In 2016, 15.4% of physicians worked in practices that used telemedicine for a wide spectrum of patient interactions, including e-visits, and 11.2% of physicians worked in practices that used telemedicine for interactions between physicians and healthcare professionals.
Telemedicine has the potential to improve access to care and the quality of that care while reducing costs. However, usage among physicians remains low. According to a study published in Health Affairs that analyzed 2016 data, only 15.4% of physicians worked in practices that used telemedicine for a wide spectrum of patient interactions, including e-visits.
During the same year, 11.2% of the 3500 physicians that were evaluated worked in practices that used telemedicine for interactions between physicians and healthcare professionals.
The study, which estimated the prevalence of telemedicine use among physicians using the 2016 Physician Practice Benchmark Survey of the American Medical Association, is the first set of nationally representative estimates of this kind.
Surveyed physicians reported if they used telemedicine for 5 functions, 3 of which were for patient interaction (diagnosing or treating patients, following up with patients, and managing patients with chronic disease) and 2 of which were for healthcare professional interaction (having a specialty consultation and getting a second opinion). They also indicated if their practices used telemedicine in 3 different ways: videoconferencing, remote patient monitoring, and storing and forwarding of data.
Utilization for the 5 functions ranged from 11.2% for diagnosing or treating patients to 6.5% for getting a second opinion, and among the 3 telemedicine modalities, videoconferencing was reported most often (12.6%), followed by storing and forwarding of data (9.4%) and patient monitoring (7.3%). Remote patient monitoring was used by less than 10% of physicians in every broad specialty group, with the exception of internal medicine subspecialties (10.9%).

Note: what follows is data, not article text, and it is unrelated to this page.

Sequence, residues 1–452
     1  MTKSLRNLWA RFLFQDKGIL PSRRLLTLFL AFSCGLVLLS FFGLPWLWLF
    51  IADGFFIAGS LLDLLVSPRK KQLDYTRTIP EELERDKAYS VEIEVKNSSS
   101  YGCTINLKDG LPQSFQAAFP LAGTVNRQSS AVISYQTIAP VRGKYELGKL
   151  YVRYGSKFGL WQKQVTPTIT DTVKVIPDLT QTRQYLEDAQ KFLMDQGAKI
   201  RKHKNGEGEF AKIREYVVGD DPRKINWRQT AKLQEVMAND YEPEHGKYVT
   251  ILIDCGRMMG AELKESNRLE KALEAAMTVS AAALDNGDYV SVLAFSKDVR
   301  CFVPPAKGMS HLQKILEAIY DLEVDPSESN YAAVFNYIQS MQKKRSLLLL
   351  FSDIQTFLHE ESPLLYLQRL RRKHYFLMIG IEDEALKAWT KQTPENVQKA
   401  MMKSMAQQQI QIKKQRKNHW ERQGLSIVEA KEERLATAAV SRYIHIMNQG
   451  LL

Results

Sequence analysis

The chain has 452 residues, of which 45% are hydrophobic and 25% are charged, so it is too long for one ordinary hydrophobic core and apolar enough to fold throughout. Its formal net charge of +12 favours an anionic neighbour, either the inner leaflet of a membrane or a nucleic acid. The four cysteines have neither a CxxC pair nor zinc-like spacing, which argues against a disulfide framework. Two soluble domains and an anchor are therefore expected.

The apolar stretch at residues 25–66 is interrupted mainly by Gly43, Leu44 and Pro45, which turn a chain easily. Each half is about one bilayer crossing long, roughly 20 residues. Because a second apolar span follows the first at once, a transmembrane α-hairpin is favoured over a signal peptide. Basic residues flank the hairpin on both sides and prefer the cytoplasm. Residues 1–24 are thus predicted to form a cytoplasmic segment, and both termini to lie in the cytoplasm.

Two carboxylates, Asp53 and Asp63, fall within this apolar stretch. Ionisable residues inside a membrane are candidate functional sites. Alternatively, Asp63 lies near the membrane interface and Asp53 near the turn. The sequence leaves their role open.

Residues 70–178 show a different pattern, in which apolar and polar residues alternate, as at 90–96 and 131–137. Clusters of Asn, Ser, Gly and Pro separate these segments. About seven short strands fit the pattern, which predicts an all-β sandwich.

While specialties like radiology (39.5%), psychiatry (27.8%), and cardiology (24.1%) reported relatively high use of telemedicine for patient interaction, other specialties, including allergy/immunology (6.1%) and gastroenterology (7.9%), had low rates.
“Although radiologists, psychiatrists, and cardiologists had the highest use of telemedicine for this type of interaction, these percentages reflect a tide spectrum across specialties in how telemedicine was used to interact with patients,” noted the authors.
Among radiologists, 42.7% reported that their practice used telemedicine for storing and forwarding data and 37.4% reported that their practice used telemedicine to diagnose and treat patients. Meanwhile, 17.9% of cardiologists’ practices used patient monitoring and 19% used telemedicine to manage patients with chronic disease.
Emergency medicine physicians (38.8%), pathologists (30.4%), and radiologists (25.5%) were most likely to use telemedicine for interactions with healthcare professionals.
Location played a role in telemedicine utilization, with those in nonmetropolitan areas being more likely to report use of telemedicine for interactions with healthcare professionals compared with physicians in metropolitan locations. Videoconferencing was also used more often among those in nonmetropolitan areas.
“Physicians in larger practices were more likely than those in smaller practices to report the use of telemedicine,” added the researchers. “Use for patient interactions ranged from 8.2% among physicians in the smallest practice size category (1 to 4 physicians) to 26.5% among physicians in the largest (at least 50 physicians).”
Reflecting on the findings, the researchers suggest that despite regulatory and legislative changes aimed at encouraging the use of telemedicine, the financial burden of implementing it may be a continuing barrier, especially for small practices.
Kane C, Gillis K. The use of telemedicine by physicians: stil lthe exception rather than the rule [published online December 3, 2018]. Health Aff. doi: 10.1377/hlthaff.2018.05077.